Josie Taylor | July 25, 2022
In Alaska, wildfires are burning in ways that are rarely seen. Areas that are usually fireproof, or mostly fireproof, are burning.
More than 530 wildfires have burned an area the size of Connecticut, and the usual worst of the fire season is still later in the summer. While little property has burned, some residents have been forced to evacuate.
Recent rains have helped but longer-term forecasts are showing a pattern similar to 2004. In 2004, July rains gave way to high-pressure systems, hot days, low humidity and lightning strikes that fueled Alaska’s worst fire year.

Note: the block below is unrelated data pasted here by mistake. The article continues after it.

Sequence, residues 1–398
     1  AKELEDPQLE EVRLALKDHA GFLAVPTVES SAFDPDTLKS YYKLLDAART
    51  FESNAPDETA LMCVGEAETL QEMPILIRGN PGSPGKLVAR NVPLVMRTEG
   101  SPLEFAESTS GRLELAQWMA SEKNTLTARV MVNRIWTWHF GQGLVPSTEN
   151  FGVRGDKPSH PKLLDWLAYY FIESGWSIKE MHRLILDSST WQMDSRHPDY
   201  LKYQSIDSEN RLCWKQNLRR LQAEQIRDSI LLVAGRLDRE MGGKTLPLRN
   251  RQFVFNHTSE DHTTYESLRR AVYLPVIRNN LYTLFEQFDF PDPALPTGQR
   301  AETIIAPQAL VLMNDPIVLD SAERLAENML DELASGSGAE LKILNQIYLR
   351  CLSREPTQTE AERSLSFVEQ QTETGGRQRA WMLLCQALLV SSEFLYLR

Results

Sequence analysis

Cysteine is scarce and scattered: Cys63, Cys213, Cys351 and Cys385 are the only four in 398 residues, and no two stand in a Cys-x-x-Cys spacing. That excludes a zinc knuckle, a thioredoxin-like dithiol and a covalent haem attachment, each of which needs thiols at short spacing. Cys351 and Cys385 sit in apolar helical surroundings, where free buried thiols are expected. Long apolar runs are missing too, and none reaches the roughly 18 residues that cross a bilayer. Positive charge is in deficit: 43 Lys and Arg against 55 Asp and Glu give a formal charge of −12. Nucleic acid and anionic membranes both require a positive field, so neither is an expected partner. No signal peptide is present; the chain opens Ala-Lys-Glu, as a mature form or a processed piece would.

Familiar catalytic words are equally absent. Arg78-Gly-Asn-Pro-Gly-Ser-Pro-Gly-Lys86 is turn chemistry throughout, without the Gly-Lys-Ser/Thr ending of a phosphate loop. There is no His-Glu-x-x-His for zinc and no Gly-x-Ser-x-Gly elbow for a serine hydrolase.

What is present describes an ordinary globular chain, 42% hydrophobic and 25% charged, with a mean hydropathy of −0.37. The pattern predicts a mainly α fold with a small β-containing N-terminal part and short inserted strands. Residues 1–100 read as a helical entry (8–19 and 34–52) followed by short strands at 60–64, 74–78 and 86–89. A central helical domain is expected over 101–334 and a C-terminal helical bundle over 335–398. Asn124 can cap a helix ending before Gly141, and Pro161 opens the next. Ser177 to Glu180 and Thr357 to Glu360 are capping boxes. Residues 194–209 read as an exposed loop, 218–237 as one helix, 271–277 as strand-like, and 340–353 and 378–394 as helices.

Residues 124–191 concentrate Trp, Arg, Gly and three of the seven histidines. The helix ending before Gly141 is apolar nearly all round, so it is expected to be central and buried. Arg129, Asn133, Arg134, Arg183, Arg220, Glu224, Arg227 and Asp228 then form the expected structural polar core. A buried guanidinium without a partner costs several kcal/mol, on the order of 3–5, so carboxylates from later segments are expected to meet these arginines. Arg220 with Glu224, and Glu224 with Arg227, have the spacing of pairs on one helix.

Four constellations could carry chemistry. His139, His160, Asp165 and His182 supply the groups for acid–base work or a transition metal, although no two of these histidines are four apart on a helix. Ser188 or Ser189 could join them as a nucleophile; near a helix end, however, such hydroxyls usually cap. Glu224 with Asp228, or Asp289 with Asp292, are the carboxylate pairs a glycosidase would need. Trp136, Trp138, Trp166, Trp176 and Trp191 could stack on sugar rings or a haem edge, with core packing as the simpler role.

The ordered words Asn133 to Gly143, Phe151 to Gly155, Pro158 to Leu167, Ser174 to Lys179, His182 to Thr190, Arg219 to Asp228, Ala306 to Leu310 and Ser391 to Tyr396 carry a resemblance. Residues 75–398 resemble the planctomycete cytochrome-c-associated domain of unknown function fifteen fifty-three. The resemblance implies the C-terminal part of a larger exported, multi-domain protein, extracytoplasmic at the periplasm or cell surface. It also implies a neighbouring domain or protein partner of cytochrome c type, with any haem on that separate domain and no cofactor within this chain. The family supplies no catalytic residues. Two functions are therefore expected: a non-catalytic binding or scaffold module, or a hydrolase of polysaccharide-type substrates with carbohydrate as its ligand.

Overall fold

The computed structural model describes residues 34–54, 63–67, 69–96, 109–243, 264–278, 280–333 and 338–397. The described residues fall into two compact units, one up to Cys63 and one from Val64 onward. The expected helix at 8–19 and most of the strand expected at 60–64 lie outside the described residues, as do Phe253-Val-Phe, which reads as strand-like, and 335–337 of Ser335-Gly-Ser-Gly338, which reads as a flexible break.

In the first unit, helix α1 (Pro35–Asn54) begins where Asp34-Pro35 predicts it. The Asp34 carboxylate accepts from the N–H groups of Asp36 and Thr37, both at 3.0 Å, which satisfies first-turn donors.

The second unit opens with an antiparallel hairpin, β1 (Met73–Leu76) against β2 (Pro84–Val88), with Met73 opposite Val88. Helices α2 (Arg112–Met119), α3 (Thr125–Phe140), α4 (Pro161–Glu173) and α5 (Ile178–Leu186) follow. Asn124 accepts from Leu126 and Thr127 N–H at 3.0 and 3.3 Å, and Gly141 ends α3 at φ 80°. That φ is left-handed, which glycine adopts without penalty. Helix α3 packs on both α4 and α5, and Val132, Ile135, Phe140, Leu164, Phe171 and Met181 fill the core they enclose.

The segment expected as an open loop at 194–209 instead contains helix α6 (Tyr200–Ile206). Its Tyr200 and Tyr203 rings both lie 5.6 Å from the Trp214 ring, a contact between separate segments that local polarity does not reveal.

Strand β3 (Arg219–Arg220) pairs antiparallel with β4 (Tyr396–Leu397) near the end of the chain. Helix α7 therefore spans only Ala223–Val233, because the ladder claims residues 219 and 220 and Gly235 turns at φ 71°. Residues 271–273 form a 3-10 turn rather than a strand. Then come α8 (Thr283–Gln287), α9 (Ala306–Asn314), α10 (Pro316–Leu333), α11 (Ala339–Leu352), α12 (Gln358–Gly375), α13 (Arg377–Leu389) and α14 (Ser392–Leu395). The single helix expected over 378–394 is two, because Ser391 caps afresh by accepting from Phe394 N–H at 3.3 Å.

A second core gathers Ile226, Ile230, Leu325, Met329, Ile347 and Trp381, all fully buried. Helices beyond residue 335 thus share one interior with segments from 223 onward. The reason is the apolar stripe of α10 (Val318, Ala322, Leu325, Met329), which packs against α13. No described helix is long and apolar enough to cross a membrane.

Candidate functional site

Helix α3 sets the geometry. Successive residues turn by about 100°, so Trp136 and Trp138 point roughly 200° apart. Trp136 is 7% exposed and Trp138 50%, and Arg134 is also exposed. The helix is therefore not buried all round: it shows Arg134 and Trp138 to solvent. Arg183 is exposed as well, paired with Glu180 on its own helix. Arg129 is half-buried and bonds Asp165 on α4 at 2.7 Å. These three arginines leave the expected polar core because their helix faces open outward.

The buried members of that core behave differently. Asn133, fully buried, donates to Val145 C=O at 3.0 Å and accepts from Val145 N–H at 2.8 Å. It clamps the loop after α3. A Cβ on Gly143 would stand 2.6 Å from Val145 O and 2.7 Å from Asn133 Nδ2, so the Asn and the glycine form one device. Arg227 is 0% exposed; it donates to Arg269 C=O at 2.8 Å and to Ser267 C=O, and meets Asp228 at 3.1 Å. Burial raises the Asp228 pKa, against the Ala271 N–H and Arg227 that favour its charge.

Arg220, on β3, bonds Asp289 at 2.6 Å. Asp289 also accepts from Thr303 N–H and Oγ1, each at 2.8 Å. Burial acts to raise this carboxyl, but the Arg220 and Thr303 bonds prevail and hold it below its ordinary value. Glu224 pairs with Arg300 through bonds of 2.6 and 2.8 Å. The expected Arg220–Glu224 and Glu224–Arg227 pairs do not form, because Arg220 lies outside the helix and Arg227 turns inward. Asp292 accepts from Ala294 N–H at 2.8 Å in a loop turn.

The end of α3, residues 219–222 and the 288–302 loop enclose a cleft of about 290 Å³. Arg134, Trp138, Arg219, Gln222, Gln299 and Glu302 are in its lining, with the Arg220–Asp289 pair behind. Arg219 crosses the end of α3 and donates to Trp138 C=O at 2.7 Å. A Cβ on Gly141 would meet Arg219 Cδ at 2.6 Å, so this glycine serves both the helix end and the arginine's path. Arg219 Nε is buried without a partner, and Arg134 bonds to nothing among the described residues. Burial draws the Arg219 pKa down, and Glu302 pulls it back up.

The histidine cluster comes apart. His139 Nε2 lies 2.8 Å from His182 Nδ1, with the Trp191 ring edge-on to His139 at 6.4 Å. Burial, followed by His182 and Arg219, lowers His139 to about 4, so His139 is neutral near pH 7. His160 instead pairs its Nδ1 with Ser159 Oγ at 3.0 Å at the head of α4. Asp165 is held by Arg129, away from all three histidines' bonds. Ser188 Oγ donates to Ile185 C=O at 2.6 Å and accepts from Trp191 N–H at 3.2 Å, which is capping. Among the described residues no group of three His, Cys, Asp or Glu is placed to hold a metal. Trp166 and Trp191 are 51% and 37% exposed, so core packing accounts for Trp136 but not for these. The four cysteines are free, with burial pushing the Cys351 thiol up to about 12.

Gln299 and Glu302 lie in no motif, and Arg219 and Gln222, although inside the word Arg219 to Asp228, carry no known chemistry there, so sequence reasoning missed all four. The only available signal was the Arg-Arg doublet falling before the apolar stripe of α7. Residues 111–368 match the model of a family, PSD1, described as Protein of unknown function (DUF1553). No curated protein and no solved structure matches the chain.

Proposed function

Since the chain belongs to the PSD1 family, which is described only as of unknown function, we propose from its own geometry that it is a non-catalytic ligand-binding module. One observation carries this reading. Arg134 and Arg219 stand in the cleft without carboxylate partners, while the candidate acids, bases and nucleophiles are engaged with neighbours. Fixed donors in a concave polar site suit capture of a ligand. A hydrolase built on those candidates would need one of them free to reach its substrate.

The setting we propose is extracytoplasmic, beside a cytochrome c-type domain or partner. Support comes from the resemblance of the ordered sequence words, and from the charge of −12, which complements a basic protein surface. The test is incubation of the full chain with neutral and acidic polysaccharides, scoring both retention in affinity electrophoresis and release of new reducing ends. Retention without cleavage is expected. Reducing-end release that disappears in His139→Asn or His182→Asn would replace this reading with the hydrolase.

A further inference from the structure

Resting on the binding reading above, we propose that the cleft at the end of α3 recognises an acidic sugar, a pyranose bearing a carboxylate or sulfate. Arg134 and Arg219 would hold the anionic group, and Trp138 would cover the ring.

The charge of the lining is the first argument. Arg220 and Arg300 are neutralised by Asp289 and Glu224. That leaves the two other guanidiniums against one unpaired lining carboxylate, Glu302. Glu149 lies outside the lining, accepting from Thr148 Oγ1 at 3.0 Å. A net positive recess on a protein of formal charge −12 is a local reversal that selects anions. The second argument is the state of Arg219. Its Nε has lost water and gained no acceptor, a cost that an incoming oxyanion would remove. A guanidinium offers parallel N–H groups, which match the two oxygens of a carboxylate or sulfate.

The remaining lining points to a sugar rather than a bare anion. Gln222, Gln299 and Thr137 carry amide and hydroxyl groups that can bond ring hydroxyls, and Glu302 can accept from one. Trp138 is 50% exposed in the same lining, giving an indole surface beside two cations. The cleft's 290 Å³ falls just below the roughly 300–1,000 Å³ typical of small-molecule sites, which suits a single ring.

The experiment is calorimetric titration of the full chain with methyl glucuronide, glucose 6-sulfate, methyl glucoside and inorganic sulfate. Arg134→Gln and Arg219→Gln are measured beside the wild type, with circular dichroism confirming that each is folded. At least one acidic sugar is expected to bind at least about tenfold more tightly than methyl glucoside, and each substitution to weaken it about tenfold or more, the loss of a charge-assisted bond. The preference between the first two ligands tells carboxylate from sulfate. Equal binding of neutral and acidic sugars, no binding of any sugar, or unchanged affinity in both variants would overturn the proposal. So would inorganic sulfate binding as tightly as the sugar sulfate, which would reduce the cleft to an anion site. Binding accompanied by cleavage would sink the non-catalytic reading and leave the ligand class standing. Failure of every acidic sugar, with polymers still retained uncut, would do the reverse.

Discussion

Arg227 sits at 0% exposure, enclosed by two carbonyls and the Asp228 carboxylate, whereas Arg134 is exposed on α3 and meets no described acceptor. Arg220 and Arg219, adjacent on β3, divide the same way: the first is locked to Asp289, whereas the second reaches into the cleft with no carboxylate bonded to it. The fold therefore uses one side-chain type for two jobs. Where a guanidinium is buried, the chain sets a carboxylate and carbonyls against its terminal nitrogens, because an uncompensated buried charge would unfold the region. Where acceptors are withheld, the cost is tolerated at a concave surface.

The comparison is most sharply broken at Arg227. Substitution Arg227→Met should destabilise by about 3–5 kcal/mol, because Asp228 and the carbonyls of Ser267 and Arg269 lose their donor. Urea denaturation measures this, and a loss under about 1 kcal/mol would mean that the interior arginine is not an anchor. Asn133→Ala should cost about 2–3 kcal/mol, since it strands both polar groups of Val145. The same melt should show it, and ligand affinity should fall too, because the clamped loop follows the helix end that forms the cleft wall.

The acreage burned by mid-July was about the same as now, but by the time that fire season ended, 10,156 square miles were burned.
Heat waves and droughts are making wildfires more frequent, destructive, and harder to fight in many places. This month, wildfires have torn through Portugal, Spain, France, England and Germany, which have seen record-high temperatures.